Wednesday, August 19, 2009

Fifteen - o - eight, at a stadium in North London

I went to see U2 with family. It was a lifetime ambition, and the reaction from many of the fans on the U2 website (many of whom travel to several of the concerts) was that this was a good place to fulfil it.

I wanted to write a song-by-song reaction, but I also wanted to say something, before the immediacy of the concert had faded, so this is a shorter post than I originally intended.

On the back of books like "Get Up Off Your Knees", I have to say that I was expecting an experience that was more ... well, almost sacramental. It wasn't, though it was thoroughly amazing.

U2's concerts have always trod a subtle path, as illustrated in an interview Bono did with a Chicago newspaper in 2001. They make the case for the new album, as is proper - there were seven tracks from "No Line on the Horizon" on Saturday. But also, they have a selection of songs that become the heart of the concert - that pretty much define U2 not just musically but in terms of their political voice. This selection gradually shifts over time - "Bullet the Blue Sky" didn't feature on Saturday. And on top of that, they have a huge repertoire of amazing songs to draw on to fill out the programme.

In the case for the new album, we had "Breathe", "No line", "Boots" and "Magnificent" as the first four songs. "Unknown caller", a psalm with chorus responses from a divine voice, projected the divine words so that the congregation - I mean audience - was singing them back to the band. The remixed version of "Go Crazy" is, in my opinion, unusually better than the album version - it is loud and ... well, crazy. And the band signed off the last encore with "Moment of Surrender".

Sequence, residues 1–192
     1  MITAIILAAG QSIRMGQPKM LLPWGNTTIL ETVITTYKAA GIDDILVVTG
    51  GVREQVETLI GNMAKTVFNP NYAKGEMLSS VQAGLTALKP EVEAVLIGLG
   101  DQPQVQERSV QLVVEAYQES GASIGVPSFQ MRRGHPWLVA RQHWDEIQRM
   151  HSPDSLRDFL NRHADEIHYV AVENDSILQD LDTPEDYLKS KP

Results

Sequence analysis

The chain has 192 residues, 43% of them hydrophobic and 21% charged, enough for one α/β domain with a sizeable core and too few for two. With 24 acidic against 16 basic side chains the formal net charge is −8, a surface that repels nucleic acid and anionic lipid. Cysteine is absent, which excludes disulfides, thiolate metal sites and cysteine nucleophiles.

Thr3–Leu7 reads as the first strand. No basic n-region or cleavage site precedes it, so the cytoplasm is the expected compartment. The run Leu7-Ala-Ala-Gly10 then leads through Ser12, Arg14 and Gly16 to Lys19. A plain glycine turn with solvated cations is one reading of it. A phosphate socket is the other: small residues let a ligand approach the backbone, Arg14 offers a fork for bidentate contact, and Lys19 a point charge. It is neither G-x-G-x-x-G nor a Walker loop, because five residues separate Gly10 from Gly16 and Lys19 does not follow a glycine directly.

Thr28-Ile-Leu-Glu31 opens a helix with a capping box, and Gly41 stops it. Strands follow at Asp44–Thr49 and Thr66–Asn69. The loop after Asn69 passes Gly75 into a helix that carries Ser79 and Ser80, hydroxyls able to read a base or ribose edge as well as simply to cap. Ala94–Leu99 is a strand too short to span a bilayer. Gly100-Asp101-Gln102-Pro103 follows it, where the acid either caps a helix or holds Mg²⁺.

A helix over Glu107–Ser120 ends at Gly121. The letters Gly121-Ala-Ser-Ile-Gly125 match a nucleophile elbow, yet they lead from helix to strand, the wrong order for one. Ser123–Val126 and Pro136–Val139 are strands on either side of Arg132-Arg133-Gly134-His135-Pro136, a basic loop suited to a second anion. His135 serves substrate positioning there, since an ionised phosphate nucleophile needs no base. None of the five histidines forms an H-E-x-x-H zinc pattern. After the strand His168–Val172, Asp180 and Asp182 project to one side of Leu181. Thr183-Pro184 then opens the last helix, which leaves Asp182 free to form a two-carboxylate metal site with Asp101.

The tracks that every audience expects to hear are, I think, "Beautiful Day", probably "Until the End of the World" and "City of Blinding Lights", "Vertigo", "Sunday, Bloody Sunday", "Pride", "Where the Streets have no name" and "One". "Sunday, Bloody Sunday" picked up as a reference point the post-election riots in Iran - how long must we sing this song indeed! And they miscued at the end! Afterwards, the band grinned sheepishly at one another. "Walk on" was a fairly inevitable addition, given the presence of Aun Sang Suu Kyi in the news at the moment.

And then the choice of extras. "New Years Day", "Still haven't found" - with first verse sung by the audience - "Far away, so close", "Bad", "With or without you" are all popular live. We also had "Unforgettable Fire", "Sleep Tonight" as an intro to "Walk On" and "Ultraviolet". There was almost nothing I would have swapped away from the programme, although personally I feel "Pride" is a little worn out. In terms of additions? I was surprised that "Stand Up Comedy" from the new album didn't feature - it made the tour tee-shirts. "Stuck in a moment" is a song that happens to mean a lot to the family, but hey, there were quite a lot of other people who would have had opinions too!

This was an amazing evening out, and I'm looking forward to doing it again!

Sunday, August 16, 2009

"God's Philosophers" - more personal reaction

Aside from writing a formal review, I had some more of my own thoughts on James Hannam's book.